To best assist the OP he should be given more than just your opinion as you have given an opinion in a way that would make it seem certain that the two tickets will be considered as one and can only be considered that way. That isn't correct. While some police officers and Central Ticket Office decision makers will consider making this into one penalty for the two detections others will not. What you need to realise is your opinion is based upon not being involved in the process whereas mine is from having been involved in that process. The OP can now make his mind up and with a little luck he will receive one penalty for the two detections; what is certainly not the case is that he definitely will as you seem to be remarking.

If I was the decision maker I would examine the circumstances of both detections and would either issue either none, one or 2 prosecutions for the two detections. What I certainly would not do is make it one because you said so.

...and by-the-way; that routine does not constitute guilty until proven innocent.

I have suggested why you are talking claptrap, you didn't answer mine or SP's questions and haven't justified why at all, ergo I'll take that as unqualified and unresearched opinion.

What if the operator took 4 readings at 3 second intervals, would that be 4 'tickets'? (Though of course when it comes to speeding nothing is actually a ticket, that all have real names) and a totting ban?
southpaw82
What is more likely is that he's not a police officer and therefore issues a COFP only in the administrative sense. A better way of describing it would be issues after being instructed to do so by a police officer. Only a constable can decide to issue a COFP.
metalmick
yep come on , youve written reams and somehow failed to notice the relevant and pertinent questions from SP and Rookie
M
The Rookie
SP, that was my assumption, I was just waiting for it from the horses mouth.....as you say unless he is a police officer he isn't issuing in the manner understood by the law, and post, let's be honest, are churned out by a computer with no human taking reall responsibility at all.
sgtdixie
It pains me to do so but gedblanker is correct. The proximity of detections in time will not automatically mean they are a single offence. So I'm afraid Simon is, in his own words, talking claptrap.
There is 3 or 4 minutes (depending on how they round up the timings to full minutes) between the 2, and at over 80 mph that is a lot of miles. It is true that they may be dealt with as 1 or 2 offences. It would be for a court to decide if 2 summons was appropriate.
And I have been a decision maker and enforcer and can definitively tell you that there are no absolutes in making such decisions.

It would be nice however if gedblanker would nail his colours to the mast about his actual occupation. You see operators rarely perform the administration functions of issuing anything, and decision makers in SCP's will not be current practitioners.
The Rookie
SD I was referring to the 2 detections being 2 offences being claptrap (they could be 4 seconds apart!), if you read what is quoted above the use of the word!
sgtdixie
The trouble is that on this occasion I think gedblanker has more accurately represented the situation than you.
As the op has chosen not to give us the full we have no idea which way it will go.
desktop_demon
IMHO - a vehicle travelling at a constant illegal speed has committed an offence - one offence. If a vehicle is travelling at an illegal speed and slows to a legal speed and subsequently speeds up to an illegal speed, then two offences have been committed.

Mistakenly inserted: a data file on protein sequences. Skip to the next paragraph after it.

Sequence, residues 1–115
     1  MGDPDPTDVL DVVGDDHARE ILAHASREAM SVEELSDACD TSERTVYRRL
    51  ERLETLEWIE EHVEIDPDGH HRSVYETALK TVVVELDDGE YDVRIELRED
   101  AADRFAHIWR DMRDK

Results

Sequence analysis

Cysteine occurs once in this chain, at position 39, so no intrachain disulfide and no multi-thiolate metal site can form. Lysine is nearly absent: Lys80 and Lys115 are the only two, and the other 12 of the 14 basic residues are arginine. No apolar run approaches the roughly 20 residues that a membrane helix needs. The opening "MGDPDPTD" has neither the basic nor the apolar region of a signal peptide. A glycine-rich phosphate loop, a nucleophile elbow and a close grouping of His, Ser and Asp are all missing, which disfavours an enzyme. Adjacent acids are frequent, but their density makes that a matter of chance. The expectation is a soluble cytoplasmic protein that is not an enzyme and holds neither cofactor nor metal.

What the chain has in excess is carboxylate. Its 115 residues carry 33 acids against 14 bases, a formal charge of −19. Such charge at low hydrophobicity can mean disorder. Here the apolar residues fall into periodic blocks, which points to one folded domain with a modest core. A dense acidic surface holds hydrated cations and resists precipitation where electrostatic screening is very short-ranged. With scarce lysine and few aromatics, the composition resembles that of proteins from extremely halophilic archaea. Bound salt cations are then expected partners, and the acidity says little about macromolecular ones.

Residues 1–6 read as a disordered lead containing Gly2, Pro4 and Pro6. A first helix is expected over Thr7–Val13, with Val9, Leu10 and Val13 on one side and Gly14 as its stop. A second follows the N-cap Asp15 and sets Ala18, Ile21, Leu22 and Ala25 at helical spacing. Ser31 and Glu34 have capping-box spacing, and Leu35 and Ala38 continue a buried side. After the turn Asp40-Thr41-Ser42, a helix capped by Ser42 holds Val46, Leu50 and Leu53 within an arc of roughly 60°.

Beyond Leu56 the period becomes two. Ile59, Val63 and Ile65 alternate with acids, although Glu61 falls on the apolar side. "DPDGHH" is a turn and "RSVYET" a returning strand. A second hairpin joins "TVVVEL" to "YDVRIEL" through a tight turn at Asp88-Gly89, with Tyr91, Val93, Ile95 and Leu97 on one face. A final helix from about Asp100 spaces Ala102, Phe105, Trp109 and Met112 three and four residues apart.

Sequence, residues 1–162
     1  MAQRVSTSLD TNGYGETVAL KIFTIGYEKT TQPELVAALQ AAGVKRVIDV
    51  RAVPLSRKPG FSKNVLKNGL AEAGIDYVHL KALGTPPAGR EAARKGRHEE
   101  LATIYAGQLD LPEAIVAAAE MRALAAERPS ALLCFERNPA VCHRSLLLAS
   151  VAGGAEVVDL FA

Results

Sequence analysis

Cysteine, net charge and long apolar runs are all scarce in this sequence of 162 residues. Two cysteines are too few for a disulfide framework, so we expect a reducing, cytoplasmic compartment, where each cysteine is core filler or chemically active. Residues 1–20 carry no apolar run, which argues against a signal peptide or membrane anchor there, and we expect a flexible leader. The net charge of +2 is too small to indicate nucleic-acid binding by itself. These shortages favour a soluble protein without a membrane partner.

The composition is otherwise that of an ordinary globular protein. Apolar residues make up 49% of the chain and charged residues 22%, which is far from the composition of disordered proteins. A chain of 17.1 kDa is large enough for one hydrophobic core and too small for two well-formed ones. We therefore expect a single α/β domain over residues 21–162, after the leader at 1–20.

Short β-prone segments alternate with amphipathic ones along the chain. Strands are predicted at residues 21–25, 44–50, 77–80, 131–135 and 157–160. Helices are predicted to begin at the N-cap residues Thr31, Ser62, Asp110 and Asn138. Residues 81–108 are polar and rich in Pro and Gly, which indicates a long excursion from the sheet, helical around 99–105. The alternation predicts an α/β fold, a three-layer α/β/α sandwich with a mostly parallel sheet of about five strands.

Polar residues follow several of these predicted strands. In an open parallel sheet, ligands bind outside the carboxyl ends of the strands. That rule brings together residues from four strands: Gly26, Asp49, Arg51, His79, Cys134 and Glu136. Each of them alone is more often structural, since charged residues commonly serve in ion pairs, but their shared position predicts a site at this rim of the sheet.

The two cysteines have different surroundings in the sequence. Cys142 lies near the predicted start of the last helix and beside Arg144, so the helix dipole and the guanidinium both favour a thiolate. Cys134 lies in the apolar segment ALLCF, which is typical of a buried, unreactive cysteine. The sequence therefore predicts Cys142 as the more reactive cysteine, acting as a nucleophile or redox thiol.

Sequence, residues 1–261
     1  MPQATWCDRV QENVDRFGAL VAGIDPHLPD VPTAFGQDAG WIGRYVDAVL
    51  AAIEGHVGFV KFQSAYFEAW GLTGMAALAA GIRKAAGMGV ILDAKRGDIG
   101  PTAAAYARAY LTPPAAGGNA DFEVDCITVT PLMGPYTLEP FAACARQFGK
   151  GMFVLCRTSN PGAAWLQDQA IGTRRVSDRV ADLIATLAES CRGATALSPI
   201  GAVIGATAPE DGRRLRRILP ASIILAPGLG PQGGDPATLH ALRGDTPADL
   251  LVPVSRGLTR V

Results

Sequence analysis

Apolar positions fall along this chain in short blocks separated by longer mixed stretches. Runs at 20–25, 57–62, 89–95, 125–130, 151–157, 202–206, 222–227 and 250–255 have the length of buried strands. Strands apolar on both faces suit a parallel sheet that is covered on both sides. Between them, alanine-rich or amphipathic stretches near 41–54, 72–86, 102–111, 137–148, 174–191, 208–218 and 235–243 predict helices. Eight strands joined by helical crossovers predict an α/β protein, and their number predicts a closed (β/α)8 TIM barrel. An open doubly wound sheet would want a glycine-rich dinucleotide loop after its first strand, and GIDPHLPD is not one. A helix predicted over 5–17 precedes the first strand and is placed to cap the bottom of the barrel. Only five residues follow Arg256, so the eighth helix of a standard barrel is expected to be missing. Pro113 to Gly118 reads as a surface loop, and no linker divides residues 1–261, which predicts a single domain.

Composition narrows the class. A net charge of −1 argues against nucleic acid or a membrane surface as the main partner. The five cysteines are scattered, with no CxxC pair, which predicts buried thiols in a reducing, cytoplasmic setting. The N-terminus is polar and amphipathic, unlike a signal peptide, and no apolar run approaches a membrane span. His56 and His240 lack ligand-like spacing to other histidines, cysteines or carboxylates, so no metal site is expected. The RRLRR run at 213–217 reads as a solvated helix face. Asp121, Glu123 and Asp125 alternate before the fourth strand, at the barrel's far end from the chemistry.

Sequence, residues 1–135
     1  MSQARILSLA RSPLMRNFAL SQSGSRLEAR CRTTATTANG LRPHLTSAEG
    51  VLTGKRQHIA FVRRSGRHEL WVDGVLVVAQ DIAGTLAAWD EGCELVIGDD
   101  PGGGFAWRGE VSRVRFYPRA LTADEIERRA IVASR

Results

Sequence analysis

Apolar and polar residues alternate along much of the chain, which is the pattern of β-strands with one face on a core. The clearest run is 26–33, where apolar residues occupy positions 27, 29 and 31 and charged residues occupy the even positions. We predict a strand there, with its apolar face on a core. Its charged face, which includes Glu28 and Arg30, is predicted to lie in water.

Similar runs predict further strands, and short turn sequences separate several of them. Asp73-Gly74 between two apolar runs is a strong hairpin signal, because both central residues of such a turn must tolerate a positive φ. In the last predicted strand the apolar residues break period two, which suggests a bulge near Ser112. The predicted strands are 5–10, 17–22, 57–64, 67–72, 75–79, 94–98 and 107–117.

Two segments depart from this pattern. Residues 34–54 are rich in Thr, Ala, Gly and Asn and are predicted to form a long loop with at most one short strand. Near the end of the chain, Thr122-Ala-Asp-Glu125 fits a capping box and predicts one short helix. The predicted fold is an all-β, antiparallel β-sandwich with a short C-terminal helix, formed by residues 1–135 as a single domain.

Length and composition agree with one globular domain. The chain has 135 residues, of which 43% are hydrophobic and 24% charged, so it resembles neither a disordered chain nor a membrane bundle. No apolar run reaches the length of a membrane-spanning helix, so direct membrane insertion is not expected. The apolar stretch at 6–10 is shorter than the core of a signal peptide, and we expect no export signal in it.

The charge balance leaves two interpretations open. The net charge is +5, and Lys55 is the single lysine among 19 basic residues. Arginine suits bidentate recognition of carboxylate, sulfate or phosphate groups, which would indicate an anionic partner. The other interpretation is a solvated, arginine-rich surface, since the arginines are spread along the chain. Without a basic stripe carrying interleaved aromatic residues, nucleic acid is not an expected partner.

If a vehicle is traveling on the A1 at an illegal speed it would depend on what part of the A1 the offence was detected for one to be able to say if one or two offences have been committed. If for example there was a roundabout in the road en route then it could be reasonably presumed that the roundabout was navigated at a slower speed than the legal limit. In such a circumstance two offences could have been committed. If there was no such obstruction on the relevant part of the A1 then my presumption would be that only one offence had been committed. I would expect that argument to be accepted by the bench. if not then I would expect it to be accepted by the crown court or even the high court on appeal.


sgtdixie
QUOTE (desktop_demon @ Fri, 4 Jul 2014 - 11:39) *
IMHO - a vehicle travelling at a constant illegal speed has committed an offence - one offence. If a vehicle is travelling at an illegal speed and slows to a legal speed and subsequently speeds up to an illegal speed, then two offences have been committed.

If a vehicle is traveling on the A1 at an illegal speed it would depend on what part of the A1 the offence was detected for one to be able to say if one or two offences have been committed. If for example there was a roundabout in the road en route then it could be reasonably presumed that the roundabout was navigated at a slower speed than the legal limit. In such a circumstance two offences could have been committed. If there was no such obstruction on the relevant part of the A1 then my presumption would be that only one offence had been committed. I would expect that argument to be accepted by the bench. if not then I would expect it to be accepted by the crown court or even the high court on appeal.

well, there is the small matter of traffic etc. It would be for the defence to convince a court that this was a single offence. I have seen this argued in a Newton Hearing and the driver won having one summons discontinued. Unfortunately he then got 6 points for the single offence (as opposed to 1X3 points on a COFP and a SAC) as the bench decided the offence was aggravated by its prolonged nature and the disregard the driver had having passed 2 highly visible speed cameras which had both flashed him from the front. Given he was on 6 points it wasn't too clever a decision.
I was told he appealed but do not know the result, except that 5 months later he was caught disqualified driving.

The point is, we don't have the facts so we can't offer an informed opinion, and ultimately it is for the courts to decide.